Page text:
third months after planting. The trend in the growth rate
was slowest in the fourth month and formed a sigmoid
shape from the first month to the final month before
harvesting. The results agree with Yeng et al. (2012) who
reported an increased growth and dry matter
accumulation during the first weeks of sweet potato
growth and reduction during the final weeks before
harvesting. Ahmed et al. (2012) also indicated that
reduced growth of sweet potatoes is realized towards
fourth and fifth months after planting. This could be due to
reduced nutrient uptake and ageing of the vines as they
rich maturity and any further growth beyond this stage
results in reduction of nutrient and dry matter
accumulation (Etella and Kalio, 2011).
Genotype LU06/0428 produced the largest leaf area
followed by BV/009. The two genotypes were also among
those with moderate vine length in the trials. The large
leaf area combined with longer vine length give an
advantage to sweet potatoes during establishment in the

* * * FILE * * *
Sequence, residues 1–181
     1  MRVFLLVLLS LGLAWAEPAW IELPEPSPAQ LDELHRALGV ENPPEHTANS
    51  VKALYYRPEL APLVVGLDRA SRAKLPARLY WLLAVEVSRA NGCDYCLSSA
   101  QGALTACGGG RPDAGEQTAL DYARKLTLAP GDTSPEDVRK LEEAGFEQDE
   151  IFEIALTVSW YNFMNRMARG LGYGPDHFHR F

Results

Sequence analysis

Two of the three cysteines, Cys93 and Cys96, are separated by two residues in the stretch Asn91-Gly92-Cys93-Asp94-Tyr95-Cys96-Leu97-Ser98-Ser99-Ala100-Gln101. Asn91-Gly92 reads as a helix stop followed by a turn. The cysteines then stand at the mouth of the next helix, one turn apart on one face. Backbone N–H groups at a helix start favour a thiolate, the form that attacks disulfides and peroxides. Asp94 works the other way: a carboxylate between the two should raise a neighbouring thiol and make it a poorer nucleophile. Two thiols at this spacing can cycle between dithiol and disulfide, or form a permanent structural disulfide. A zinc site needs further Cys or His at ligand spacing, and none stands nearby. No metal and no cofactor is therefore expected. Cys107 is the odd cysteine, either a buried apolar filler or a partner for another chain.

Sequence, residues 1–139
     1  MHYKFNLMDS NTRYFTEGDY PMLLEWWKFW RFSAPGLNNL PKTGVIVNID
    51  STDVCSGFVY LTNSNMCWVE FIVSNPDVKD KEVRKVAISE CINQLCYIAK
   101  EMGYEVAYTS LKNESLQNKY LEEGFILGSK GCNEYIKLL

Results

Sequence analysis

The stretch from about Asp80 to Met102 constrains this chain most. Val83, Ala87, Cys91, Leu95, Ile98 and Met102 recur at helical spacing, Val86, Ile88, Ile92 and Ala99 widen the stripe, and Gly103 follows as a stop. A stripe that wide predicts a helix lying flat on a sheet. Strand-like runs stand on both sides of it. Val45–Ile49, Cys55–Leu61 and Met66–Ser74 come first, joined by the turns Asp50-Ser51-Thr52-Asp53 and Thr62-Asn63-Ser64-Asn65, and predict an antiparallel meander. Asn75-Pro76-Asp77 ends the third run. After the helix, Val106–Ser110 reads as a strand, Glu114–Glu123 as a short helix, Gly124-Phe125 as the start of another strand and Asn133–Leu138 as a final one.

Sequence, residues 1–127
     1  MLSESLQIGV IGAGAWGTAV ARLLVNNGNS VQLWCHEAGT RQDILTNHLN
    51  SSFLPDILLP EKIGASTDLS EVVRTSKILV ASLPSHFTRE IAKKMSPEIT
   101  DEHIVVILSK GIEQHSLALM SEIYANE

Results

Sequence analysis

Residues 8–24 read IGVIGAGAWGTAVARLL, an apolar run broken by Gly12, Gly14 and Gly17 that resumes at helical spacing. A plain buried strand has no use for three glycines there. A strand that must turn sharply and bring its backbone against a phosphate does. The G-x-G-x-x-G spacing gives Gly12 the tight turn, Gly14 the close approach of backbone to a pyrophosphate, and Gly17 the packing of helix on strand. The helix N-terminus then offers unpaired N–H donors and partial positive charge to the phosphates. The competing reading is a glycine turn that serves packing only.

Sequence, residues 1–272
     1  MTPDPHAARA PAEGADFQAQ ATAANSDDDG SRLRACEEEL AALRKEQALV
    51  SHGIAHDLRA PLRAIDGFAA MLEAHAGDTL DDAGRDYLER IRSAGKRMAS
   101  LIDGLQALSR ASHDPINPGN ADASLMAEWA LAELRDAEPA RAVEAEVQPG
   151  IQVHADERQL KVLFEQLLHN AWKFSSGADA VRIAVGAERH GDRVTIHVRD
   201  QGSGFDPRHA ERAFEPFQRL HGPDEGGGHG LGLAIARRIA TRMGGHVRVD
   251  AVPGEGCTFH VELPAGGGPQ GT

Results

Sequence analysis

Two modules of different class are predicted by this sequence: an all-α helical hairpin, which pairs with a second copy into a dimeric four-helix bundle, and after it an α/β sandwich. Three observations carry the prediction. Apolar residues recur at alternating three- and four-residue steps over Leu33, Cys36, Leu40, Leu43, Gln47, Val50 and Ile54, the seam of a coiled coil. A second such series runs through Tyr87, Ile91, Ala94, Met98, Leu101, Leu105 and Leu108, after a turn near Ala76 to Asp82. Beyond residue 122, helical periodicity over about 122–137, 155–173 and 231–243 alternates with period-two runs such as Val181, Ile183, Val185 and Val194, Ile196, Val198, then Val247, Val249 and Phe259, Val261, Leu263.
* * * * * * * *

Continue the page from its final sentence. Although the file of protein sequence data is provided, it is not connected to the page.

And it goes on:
390 Int. Res. J. Agric. Sci. Soil Sci.
field. A genotype with large leaf area can easily trap
sunlight and hence carry out better photosynthesis
required for carbohydrates synthesis in the plant than
those with small leaf area (Kareem, 2013; Ahmed et al.,
2012; Van den Berge and Laurie, 2004). This gives an
opportunity for the crop to even smother weeds that can
reduce yield and quality of the tubers when left unchecked
in the field (Laurie and Niederwieser, 2004; MOAFS, 2007;
Moyo et al., 2004; Workayehu et al., 2011).
Genotype LU06/0527 was the highest yielding across
sites while Zondeni was consistently lowest tuber yielding
variety. It should be noted that Zondeni had longest vine
length which might have affected tuber development. The
differences in tuber yield could be attributed to genetic
variations
among
genotypes
in
partitioning
photosynthates. Differences in yield due to the genetic